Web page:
To say that Giuliani has occasionally put his foot in his mouth over the last few years would be a massive understatement. However, he made no attempt to walk this comment back after he spoke. He appears to be fine with it on record as is, so we must assume it was not made in error.

Giuliani’s Indifference to His Own Legacy Was Ignorant, Selfish, and Dangerous

That said, his comment struck me as particularly ignorant, selfish, and dangerous, and I think it deserves far more attention than the 24-hour news cycle could afford to give it when Giuliani uttered these words two years ago.

Take a moment and think about the implications of anyone making a statement like this; it’s a statement that disavows all interest in one’s own legacy, on the basis that the speaker won’t be around to face the societal repercussions associated therewith.

To say that you don’t care about your legacy is essentially to say that you don’t care how you’re remembered. And what this effectively translates to is a position in which you don’t care about any consequences of your actions that might come to pass after your death.

This is a profoundly calloused and self-absorbed perspective because it purports that you are only interested in the effects of your actions on your own life, at the expense of everyone and everything else. To be fair to President Wilson, we don’t know that he in fact harbored the same indifference toward his own legacy.

In fact, he may have cared deeply about how he would be remembered. Perhaps Wilson just made some bad decisions that resulted in that memory being severely and permanently tarnished.

Someone Completely Unconcerned with His Legacy Wouldn’t Hesitate to Do Unethical Things

But someone like Giuliani, who is apparently completely unconcerned with his legacy, presumably wouldn’t hesitate to do unethical things to further his own interests, the fallout on others be damned. And indeed, Giuliani’s often-incoherent and vacuous public activities of late have effectively destroyed his reputation, which is a real shame because he was previously remembered fondly as the mayor who guided New York City through the 9/11 attacks. He has fallen quite far from grace, and it’s unlikely at this point that he’ll recover.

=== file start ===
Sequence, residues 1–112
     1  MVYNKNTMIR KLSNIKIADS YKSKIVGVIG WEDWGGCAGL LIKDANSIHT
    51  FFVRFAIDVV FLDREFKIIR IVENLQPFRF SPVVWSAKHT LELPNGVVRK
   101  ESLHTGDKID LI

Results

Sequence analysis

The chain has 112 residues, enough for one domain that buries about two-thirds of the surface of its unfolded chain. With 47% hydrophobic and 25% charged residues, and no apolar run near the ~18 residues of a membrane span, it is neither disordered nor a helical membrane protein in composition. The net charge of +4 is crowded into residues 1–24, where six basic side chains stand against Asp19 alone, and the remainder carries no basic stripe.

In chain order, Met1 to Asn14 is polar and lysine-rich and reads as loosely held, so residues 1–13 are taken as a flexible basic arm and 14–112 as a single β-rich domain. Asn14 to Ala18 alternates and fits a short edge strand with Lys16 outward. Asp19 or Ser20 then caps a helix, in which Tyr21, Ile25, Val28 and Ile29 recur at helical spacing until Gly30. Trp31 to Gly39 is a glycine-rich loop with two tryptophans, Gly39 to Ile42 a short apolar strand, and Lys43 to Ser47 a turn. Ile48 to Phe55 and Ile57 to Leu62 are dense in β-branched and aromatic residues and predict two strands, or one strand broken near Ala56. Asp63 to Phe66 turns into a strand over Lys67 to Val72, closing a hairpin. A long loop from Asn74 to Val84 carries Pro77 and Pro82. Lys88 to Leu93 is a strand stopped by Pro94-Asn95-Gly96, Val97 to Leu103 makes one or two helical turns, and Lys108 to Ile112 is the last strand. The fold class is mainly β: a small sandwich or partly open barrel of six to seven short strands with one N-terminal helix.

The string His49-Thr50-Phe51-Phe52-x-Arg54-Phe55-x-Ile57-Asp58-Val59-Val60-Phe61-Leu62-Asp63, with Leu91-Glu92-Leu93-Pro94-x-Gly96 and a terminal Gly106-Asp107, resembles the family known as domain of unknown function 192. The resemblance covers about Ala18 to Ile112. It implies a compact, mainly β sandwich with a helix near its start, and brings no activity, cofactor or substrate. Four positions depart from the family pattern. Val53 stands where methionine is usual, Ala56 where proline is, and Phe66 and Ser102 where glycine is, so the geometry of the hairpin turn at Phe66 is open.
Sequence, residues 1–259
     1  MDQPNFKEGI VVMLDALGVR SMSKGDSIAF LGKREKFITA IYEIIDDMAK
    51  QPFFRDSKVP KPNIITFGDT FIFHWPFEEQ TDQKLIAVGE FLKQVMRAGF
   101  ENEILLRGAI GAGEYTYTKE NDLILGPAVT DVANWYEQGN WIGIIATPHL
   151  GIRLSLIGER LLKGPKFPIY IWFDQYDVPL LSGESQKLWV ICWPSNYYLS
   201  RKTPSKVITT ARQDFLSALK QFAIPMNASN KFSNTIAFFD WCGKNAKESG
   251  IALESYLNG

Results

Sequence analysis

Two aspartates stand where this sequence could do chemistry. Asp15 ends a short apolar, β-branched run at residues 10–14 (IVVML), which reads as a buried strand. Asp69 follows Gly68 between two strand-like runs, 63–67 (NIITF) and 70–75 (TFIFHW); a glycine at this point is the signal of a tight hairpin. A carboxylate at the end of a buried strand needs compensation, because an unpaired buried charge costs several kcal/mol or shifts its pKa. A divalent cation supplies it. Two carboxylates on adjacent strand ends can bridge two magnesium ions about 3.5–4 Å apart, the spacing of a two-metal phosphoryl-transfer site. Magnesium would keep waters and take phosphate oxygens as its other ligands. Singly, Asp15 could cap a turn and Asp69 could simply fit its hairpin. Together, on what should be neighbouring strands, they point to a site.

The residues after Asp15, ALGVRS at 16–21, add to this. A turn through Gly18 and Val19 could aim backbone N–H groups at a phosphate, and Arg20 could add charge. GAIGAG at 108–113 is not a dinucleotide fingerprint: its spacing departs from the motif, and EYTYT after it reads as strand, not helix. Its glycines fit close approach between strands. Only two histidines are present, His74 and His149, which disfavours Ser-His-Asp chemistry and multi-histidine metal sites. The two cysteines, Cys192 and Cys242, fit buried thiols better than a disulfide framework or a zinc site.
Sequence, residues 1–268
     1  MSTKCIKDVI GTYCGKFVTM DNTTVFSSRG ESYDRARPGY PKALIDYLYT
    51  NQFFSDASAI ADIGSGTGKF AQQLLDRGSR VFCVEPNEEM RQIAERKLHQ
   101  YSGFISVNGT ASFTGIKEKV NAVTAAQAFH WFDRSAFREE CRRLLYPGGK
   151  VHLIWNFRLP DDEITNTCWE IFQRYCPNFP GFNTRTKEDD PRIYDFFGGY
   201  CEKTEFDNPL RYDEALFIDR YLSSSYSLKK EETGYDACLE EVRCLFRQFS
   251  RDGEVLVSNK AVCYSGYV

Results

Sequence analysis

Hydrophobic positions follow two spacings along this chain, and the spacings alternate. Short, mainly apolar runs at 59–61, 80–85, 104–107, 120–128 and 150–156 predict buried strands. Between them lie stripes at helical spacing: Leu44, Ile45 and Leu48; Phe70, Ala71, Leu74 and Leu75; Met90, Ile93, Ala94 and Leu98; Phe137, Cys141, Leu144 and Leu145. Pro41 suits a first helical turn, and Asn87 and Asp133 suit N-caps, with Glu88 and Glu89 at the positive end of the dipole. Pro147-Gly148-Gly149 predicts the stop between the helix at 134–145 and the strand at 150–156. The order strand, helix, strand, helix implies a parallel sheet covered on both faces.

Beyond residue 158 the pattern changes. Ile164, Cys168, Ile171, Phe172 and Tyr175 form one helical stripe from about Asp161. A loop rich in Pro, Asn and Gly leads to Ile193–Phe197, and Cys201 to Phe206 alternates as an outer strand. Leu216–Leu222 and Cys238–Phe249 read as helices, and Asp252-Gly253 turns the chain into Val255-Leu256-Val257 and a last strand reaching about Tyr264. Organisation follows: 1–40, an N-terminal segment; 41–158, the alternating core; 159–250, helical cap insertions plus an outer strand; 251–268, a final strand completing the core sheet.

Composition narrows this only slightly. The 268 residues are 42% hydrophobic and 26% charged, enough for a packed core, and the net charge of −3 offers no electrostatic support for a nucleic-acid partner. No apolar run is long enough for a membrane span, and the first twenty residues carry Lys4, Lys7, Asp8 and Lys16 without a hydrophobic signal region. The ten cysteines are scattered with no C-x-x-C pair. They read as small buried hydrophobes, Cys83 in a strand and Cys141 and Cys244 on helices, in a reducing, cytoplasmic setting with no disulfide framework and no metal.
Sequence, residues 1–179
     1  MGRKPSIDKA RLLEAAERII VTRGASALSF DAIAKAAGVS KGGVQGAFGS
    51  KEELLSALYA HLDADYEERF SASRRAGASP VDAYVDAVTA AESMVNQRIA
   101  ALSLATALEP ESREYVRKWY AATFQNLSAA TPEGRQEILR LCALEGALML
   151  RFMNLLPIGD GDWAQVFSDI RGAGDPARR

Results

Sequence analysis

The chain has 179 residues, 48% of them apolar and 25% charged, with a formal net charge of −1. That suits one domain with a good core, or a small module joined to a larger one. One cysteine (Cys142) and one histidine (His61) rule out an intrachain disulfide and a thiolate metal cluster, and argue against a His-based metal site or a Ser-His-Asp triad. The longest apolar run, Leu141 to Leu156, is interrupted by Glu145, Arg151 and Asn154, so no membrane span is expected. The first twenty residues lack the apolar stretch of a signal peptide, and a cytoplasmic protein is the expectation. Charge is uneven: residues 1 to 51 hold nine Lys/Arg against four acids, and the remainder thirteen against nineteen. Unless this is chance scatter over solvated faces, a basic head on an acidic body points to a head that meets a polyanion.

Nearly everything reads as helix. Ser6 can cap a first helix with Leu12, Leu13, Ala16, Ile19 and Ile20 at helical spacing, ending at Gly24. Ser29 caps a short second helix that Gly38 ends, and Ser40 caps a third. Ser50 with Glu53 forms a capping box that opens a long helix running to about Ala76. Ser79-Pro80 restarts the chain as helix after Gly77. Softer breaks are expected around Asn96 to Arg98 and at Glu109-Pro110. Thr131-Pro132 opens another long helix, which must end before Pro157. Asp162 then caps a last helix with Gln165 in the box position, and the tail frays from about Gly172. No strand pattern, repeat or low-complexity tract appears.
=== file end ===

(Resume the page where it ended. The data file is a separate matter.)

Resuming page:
Concern with One’s Legacy Is Actually a Powerful Virtue

Concern with one’s legacy is actually a powerful virtue because it binds us to a contract we make with ourselves to act in ways that ensure we are remembered fondly. It forces us to make decisions that will result in a better world for our children and grandchildren — even if we never live to see it ourselves.

If we want our descendants of a hundred years from now to look back upon us favorably, then we must conduct ourselves in a manner that is worthy of their veneration. This means recognizing and doing the right thing whenever and wherever possible.

Today’s generation should look to examples like Woodrow Wilson and Rudy Giuliani, and recognize that history is not kind to those who embrace ignorance, selfishness and immorality. So we must do all we can to lead good lives and promote legacies of integrity that our grandchildren can be proud of.

About the Author

Dr. Gary Deel is a Faculty Director with the School of Business at American Public University. He holds a J.D. in Law and a Ph.D. in Hospitality/Business Management. Gary teaches human resources and employment law classes for American Public University, the University of Central Florida, Colorado State University and others.